Anyways, after the amusement wore off, I decided to go in and actually set my router up; turn off the SSID and turn the encryption on. For those of you that don’t know, when you do this, your laptop will immediately disconnect, and reconnect to your network using the new settings. The only problem was that when my laptop reconnected, it connected to “linksys” again, I quickly looked at my available wireless networks and seen that the one I had just set up was still in there, but the signal strength wasn’t what it should have been… I hadn’t just set up my router; I had inadvertently changed all of the settings on one of my neighbors’ routers. LMAO!

I could have been the nice guy, went back in and changed all of the settings back to “default“, but… well… that didn’t happen.

After thinking about it for a while, the building full of collage students was the most likely owner of this router; given how many computers were connected to it, and they were probably the only ones in the neighborhood in need of a large unsecured wireless network anyway; one person paying the bill or all of them chipping in for one connection while the whole building mooches off of it. So again I just sat back and laughed my ass off as I thought about this entire building full of collage students unable to connect to the internet and not know why. My head quickly filled with the image of everybody in the building clambering to get a hold of that one motherfucker who owned the router, bitching because they can’t get connected, and him not knowing how to fix it, because he wasn’t even smart enough to change the password from the factory default.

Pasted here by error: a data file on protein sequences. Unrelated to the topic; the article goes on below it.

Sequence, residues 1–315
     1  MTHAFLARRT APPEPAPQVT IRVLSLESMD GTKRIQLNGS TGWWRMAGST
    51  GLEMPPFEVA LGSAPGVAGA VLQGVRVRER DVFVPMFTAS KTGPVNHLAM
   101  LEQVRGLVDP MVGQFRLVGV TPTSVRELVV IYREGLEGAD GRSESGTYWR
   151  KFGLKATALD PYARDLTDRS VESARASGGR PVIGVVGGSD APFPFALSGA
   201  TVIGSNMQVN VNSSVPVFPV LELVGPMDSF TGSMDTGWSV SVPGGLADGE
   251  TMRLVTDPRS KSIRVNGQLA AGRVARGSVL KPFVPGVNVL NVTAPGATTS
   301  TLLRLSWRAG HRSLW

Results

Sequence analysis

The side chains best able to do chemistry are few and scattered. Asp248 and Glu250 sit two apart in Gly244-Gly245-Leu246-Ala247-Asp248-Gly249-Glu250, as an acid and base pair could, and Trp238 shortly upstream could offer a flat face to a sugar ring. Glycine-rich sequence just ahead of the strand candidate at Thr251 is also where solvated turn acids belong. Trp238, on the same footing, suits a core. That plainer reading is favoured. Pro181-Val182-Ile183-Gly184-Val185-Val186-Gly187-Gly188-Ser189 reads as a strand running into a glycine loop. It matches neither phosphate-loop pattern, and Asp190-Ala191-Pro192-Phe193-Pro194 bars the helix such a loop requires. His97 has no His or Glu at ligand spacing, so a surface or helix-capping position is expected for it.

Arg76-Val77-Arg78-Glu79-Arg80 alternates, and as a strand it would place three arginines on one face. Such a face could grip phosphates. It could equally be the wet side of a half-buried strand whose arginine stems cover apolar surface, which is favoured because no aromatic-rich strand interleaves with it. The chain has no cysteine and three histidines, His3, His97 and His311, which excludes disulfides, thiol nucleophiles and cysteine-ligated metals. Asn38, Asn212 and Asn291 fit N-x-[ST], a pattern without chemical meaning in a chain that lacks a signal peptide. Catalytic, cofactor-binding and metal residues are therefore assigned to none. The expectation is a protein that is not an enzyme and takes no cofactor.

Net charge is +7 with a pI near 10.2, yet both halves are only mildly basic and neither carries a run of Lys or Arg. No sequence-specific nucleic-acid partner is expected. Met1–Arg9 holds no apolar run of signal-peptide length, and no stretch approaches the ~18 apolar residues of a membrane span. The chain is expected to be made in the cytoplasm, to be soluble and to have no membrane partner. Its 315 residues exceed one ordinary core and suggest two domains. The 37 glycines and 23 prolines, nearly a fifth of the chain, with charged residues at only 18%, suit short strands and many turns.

Did I feel bad? For a second, then I thought about how I almost got into a fight with some of them at the beginning of the year, because they tried to steel my daughter’s bike off of my front porch… so “fuck em”, fuck them and their term papers… bitches.

The Dark Arts

December 12, 2007 Comments off

It’s no secret that since I’ve gotten access to the internet I’ve used that “wealth of knowledge” at my fingertips to learn how to do some rather insidious things. From hacking pay-per-copy Xerox machines for free copies, accessing the menus of Coke and Pepsi vending machines to change the prices to anything I want them to be (up to and including free), to accessing your home phone system to make calls without your knowledge, and even the secret phone number to the #########‘# ### ###### #### #######. I should add that I’ve never called it or been tempted to because I don’t need a black SUV showing up at my house with several “Men In Black” in it wanting to question me as to where and how I got it. But here’s a hint: if you dial the number, no matter what area code you use, it rings to the same phone, the same person will answer, and shortly there after a few gentlemen in black suits with tiny earpieces in their left ears will show up at your door and start asking “A LOT” of questions. The existence of this number has been somewhat of an “internet urban legend“, but believe me it‘s real. So if you’ve got a lot of spare time on your hands and no fear of being whisked off to some secret “black ops sight” for questioning, then have fun and go at it. I hear waterboarding can be fun.